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How to Plan Your Perfect Cut Flower Garden This Season

Are you thinking about starting a cut flower garden but have no idea where to start? I’ll show you the process I go through when planning my cut flower garden each season.

Enjoying the beauty of a garden in full bloom is as easy as growing your own cut flowers. But it’s essential to plan carefully before getting started to ensure a successful cutting garden.

With the proper steps and tips, you can create a thriving cut flower garden that will give you colorful blooms all season long. I’ll share detailed steps and advice on planning and creating a healthy cut flower garden from seed to bud.

planning a cut flower garden: black-eyed Susans

I love the planning process of growing a cut flower garden each year.

I can’t tell you how vital this phase is for gardening efficiency and your sanity! Trust me…your results will be so much more positive if you invest more time in designing and planning your gardening space in the beginning.

white picket fence garden overlooking the Puget Sound

Disclosure: I am not a Master Gardener. I’m a self-taught gardener who shares my opinions and what has worked for me in the garden.

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planning a cut flower garden: cut flower garden

Here are the steps in the garden planning process.

1. Choose a Location for Your Annual Cut Flowers

The sunlight, soil, and space needed to grow a fresh-cut garden needs to be evaluated before thinking about moving forward with any other planning for your own cut flower garden.

Evaluate Garden Beds for the Amount of Sunlight Available

When planning a garden bed, choose plants that require similar amounts of light, with some variety for interest, while also avoiding overcrowding which can cause competition among plants for resources like water and nutrients.

Evaluate your garden beds for sunlight availability to create a thriving cut flower garden. Most flowers that I grow in the cutting garden need at least 6 hours of sun a day.

sweet pea seedling ready to be planted

Choose an Area With Healthy Soil

When planning the location of your cutting garden, you’ll want to make sure you have good garden soil. Choose an area with well-drained and healthy soil that is free from any large root systems.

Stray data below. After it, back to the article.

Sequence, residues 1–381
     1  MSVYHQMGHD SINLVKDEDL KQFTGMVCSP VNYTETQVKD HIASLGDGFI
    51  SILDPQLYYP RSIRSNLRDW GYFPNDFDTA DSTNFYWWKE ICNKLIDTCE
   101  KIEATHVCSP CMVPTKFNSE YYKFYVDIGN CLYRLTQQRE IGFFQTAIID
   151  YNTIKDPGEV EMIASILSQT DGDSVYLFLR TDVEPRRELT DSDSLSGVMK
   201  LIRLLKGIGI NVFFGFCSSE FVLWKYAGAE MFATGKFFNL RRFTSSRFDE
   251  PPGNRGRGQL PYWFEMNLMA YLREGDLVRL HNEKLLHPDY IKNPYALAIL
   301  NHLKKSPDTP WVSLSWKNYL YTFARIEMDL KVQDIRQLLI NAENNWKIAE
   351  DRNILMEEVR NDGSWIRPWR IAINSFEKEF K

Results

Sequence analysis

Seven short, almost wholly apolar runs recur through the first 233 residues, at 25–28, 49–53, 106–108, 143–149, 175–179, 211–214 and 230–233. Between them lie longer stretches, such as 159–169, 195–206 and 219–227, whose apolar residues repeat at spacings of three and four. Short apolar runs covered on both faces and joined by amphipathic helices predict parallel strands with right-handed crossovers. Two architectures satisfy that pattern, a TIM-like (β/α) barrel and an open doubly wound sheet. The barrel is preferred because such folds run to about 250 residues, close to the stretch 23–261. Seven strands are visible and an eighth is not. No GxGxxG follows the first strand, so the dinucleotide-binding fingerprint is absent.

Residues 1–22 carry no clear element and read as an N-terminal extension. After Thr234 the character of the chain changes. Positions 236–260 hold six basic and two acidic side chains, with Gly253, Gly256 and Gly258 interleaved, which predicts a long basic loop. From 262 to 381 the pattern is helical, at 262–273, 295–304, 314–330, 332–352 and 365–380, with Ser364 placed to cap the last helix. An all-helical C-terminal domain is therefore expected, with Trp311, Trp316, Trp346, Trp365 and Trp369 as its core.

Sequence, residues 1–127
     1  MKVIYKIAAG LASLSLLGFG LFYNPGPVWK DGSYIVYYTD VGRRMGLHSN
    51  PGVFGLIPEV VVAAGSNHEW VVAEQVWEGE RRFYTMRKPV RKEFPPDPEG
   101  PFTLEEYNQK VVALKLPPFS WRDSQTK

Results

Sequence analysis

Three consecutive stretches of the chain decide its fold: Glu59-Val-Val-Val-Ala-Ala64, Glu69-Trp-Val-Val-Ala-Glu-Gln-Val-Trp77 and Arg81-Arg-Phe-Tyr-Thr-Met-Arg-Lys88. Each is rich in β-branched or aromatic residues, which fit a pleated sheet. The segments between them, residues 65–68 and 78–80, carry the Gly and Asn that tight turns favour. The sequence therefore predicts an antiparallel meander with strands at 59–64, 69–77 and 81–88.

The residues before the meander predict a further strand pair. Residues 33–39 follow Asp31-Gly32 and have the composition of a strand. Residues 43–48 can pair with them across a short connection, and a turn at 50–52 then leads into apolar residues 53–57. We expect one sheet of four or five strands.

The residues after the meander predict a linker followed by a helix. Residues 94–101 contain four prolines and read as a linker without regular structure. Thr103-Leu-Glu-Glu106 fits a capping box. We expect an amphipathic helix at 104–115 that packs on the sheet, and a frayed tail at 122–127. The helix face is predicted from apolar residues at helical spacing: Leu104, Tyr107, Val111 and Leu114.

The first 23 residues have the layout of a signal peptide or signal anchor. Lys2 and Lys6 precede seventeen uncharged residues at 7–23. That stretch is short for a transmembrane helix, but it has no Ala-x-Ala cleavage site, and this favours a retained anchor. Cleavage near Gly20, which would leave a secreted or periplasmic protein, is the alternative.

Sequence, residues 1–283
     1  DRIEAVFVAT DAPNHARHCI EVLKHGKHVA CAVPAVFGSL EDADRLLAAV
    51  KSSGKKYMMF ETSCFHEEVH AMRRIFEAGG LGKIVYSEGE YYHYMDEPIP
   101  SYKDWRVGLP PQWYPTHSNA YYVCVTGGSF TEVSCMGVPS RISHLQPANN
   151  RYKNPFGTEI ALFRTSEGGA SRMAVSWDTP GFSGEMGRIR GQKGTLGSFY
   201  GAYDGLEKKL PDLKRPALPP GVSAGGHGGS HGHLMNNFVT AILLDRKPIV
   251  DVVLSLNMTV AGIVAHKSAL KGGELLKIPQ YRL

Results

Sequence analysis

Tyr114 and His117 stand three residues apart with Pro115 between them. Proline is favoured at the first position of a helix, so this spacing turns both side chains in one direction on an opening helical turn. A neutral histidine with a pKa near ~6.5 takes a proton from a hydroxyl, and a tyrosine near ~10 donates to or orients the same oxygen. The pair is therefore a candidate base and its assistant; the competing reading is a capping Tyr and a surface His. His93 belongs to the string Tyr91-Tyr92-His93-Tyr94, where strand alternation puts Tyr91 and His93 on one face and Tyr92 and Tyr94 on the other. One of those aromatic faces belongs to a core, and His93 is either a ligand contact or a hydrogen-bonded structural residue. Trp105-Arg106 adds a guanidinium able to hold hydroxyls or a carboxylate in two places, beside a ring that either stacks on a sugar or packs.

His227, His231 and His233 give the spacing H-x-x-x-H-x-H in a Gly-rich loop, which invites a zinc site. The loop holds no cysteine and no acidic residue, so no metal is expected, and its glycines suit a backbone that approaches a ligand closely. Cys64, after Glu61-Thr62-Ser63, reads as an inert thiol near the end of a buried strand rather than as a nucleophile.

Experts recommend you perform a soil test before planting your seed starts. This will not only give you a better understanding of how your soil will perform but what amendments will need to be added to the ground.

There are soil test options available. You can buy an inexpensive soil test or hire a local garden resource center to test your soil conditions.


Many beginning gardeners pass on this step but usually never make the same mistake twice. It is such an important part of the process.

Your flowering garden will thrive when you add organic matter. I add fish mulch to my garden beds every April and mulched leaves every fall to add nutrients to the soil.

planning a cut flower garden: planting seedlings in the garden

2. Design Your Cut Flower Garden Plot

Designing a cut flower garden plot may seem intimidating, but with careful planning and the right steps, it can be easy and fun!

Planning a thriving cut flower garden requires knowledge of the steps in the planning process. From selecting your site to choosing plants that will thrive in your climate, there are many important things to consider.

Here are some tips for designing a beautiful and vibrant cut flower garden plot that will bring you enjoyment all season long.

seedlings in raised beds

When choosing a garden bed width, make sure you can reach the center when standing on either side of the long sides. Create pathways between beds.

We built 2-8’x 4′ and 2-4’x 4′ raised beds in our flower garden. By adding whiskey barrels and galvanized trough planters around the entire picket fence border, we could plant even more flowers in our garden. Creating 4-ft. pathways was strategic so we could roll a wheelbarrow between the beds easily.


planning a cut flower garden: snapdragons in a cut flower garden

3. Decide Where to Plant Your Seed Starts